Officially, this is the third time game the Philadelphia Union will have played at home, but in many ways it will be the team's first true home game. The Union open PPL Park today, which, along with a new Harrah's casino, is a bit of an oasis on the waterfront of Chester, Penn.
The stadium, which sits in the shadow of the Commodore Barry Bridge, represents an important step for the club in a lot of ways. For one, it's puts them in a stronger financial position. Any team in any sport which owns it's own arena sees it's value increase exponentially. It also gives the team a venue built for soccer that will ensure a good atmosphere. Anyone who has ever watched soccer in Europe or elsewhere knows that the game is all about the atmosphere. With no breaks in the game, there's no chance to blare music over the stadium speakers or show those silly "which hat is the ball under" games on the jumbotron. The atmosphere has be created organically from the crowd. That's where all the songs and the chants come in. It's hard to get that atmosphere in a 70,000-seat arena built for football.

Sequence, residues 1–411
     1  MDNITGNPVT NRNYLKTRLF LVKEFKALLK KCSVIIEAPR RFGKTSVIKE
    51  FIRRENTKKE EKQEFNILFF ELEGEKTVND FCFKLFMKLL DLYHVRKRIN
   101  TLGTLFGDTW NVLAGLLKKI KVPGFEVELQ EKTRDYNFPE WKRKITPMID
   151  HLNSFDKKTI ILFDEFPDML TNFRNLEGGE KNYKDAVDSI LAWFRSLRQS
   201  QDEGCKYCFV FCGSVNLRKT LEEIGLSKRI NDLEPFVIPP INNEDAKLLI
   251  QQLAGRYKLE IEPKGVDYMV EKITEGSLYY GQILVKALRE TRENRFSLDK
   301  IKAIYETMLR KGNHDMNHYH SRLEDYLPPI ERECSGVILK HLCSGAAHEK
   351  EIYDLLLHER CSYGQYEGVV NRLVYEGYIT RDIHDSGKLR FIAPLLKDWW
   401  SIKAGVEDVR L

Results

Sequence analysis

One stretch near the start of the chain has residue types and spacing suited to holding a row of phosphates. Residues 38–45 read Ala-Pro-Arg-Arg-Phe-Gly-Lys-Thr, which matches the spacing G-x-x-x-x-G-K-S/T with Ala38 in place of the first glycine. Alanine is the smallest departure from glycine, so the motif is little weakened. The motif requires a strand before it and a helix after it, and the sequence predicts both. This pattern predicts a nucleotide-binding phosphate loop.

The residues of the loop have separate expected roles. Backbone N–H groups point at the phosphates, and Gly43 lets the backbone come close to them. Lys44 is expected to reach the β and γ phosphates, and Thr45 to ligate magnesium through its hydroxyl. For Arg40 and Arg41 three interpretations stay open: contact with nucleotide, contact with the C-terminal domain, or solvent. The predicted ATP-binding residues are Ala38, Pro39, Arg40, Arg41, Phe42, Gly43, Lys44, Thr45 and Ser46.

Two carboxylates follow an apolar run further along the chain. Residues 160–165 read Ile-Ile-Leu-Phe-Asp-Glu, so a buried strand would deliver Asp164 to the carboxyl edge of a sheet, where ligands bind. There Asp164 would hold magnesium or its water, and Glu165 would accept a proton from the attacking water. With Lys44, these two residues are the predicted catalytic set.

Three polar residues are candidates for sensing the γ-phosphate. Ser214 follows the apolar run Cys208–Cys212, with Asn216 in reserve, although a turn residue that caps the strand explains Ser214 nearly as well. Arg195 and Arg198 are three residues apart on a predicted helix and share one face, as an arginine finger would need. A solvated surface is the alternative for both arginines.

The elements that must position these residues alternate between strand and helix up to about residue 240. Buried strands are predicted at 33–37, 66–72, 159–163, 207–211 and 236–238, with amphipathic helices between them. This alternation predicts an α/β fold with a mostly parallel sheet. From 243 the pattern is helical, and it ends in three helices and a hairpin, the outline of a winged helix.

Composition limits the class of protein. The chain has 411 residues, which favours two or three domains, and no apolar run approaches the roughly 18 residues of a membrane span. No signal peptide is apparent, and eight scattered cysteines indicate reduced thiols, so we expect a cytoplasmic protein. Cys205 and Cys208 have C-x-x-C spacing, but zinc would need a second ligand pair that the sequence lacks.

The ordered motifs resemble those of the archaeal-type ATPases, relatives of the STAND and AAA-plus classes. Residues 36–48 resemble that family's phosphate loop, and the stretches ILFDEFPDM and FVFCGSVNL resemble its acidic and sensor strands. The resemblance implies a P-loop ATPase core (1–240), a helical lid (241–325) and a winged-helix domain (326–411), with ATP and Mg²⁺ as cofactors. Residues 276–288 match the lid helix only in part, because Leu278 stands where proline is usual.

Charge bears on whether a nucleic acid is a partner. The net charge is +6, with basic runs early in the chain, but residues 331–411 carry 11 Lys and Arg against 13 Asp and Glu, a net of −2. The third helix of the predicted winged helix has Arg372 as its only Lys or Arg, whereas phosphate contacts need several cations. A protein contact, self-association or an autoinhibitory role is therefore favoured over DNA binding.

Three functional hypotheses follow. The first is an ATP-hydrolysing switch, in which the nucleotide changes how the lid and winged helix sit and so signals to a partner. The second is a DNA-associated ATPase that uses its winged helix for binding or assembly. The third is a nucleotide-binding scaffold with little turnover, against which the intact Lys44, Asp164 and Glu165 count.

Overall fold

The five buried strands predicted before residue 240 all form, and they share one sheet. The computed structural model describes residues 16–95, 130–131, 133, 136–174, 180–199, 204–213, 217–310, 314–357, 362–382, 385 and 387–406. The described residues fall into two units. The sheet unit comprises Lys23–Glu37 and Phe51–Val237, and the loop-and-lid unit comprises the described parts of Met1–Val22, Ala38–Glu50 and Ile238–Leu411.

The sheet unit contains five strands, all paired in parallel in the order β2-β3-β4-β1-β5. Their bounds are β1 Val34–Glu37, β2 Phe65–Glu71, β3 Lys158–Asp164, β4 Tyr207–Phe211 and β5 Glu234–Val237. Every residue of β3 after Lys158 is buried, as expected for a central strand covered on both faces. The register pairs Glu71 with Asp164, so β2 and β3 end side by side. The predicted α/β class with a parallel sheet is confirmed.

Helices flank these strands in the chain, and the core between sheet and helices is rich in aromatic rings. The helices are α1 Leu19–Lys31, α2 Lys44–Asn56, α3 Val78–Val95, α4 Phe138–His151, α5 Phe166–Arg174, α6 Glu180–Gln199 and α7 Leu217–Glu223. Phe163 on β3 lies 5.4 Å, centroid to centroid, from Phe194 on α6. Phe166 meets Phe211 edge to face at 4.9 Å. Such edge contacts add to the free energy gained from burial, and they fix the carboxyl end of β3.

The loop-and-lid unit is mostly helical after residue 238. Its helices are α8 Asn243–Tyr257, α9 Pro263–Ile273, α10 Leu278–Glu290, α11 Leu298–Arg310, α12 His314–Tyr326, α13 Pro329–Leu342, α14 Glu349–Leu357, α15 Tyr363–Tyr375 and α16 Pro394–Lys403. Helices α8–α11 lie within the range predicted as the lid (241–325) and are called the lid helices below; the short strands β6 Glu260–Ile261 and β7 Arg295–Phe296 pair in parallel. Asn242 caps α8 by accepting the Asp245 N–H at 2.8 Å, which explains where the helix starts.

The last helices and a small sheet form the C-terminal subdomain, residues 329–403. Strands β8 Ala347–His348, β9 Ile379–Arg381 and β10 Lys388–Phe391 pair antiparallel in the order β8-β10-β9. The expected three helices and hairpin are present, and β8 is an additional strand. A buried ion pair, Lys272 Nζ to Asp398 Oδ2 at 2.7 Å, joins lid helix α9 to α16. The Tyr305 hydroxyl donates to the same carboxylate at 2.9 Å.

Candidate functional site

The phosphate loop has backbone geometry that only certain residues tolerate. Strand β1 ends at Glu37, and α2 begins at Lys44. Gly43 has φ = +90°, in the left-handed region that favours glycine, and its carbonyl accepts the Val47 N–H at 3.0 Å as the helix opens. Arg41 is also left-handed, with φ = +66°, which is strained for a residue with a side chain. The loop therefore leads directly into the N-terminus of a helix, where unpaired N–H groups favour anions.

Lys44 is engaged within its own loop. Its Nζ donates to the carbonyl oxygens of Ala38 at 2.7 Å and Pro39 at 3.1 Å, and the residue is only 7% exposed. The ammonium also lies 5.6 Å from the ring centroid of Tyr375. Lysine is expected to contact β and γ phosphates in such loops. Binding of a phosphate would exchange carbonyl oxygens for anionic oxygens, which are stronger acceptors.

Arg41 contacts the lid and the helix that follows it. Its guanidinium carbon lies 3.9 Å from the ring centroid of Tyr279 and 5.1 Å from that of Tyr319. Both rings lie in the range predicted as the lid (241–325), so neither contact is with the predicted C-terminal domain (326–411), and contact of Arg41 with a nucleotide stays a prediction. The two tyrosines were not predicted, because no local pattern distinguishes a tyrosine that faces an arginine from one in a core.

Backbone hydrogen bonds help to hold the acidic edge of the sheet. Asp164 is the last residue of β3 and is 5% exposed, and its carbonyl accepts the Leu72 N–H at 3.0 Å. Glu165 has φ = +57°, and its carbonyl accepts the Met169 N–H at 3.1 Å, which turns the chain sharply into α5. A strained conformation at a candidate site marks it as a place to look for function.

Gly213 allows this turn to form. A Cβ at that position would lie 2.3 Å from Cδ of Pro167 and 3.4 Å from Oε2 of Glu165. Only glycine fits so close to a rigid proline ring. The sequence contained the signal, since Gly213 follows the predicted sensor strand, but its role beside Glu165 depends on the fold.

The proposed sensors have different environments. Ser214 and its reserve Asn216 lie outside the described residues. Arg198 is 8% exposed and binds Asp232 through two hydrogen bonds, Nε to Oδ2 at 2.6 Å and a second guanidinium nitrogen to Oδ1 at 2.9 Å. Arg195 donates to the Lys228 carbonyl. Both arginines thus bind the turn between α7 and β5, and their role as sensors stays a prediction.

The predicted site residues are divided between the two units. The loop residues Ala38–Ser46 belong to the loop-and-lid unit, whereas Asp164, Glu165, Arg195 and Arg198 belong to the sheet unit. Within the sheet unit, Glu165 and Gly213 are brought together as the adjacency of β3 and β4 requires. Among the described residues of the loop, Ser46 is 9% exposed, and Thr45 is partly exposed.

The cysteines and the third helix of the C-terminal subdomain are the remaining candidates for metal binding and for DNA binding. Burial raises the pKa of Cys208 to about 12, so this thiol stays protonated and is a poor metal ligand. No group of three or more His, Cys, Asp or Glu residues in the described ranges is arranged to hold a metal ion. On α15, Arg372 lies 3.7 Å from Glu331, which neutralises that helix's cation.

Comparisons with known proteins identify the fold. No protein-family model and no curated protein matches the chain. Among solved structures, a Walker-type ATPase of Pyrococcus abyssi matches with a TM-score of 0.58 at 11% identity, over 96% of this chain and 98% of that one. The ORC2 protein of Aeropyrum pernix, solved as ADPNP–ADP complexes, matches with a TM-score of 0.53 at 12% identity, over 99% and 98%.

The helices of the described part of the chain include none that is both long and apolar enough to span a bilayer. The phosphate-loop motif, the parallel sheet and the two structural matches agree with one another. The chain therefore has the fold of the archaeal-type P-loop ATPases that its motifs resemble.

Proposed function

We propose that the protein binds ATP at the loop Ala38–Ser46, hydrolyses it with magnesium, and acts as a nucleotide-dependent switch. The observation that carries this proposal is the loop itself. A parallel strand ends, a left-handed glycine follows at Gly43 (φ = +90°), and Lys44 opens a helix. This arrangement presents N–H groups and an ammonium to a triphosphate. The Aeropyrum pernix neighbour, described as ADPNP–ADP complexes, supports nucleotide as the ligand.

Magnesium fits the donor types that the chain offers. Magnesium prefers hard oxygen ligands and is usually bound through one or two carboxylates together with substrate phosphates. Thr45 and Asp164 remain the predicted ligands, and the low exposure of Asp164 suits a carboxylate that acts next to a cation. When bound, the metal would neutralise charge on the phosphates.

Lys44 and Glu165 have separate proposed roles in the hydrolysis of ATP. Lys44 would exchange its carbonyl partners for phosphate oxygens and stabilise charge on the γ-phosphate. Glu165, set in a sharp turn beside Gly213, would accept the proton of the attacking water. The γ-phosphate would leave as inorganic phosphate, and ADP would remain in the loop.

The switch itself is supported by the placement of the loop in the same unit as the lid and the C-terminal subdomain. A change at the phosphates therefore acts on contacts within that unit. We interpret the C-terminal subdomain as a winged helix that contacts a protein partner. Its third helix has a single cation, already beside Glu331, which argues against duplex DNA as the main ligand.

The Union had played their first two home games at Lincoln Financial Field, home of the Eagles. While it's a nice arena for the NFL, for soccer it's far too big and the crowd isn't close enough to the field. PPL Park's more intimate size and orientation will put a packed house inches away from the players every match.
Finally, it gives the team an identity. The locker rooms at the Linc are filled with the Eagles' stuff, the walls have the Eagles' logos ... it's their stadium. PPL park will be a real home for the Union. They'll train there, they'll see their colors there, the team name emblazoned across the seats, the Sons of Ben will sit in the RIver End and sing their songs ... the team will take ownership of the venue and play there with pride.
The people who built the stadium did their part. The place looks great. The fans did their part, the place is sold out. Now it's time for the team to do theirs and win, because the real attraction has to be the team rather than the park. Just ask the Baltimore Orioles, who can't draw flies to one of the great stadiums in baseball.
As Al Davis once said, "Just win baby!"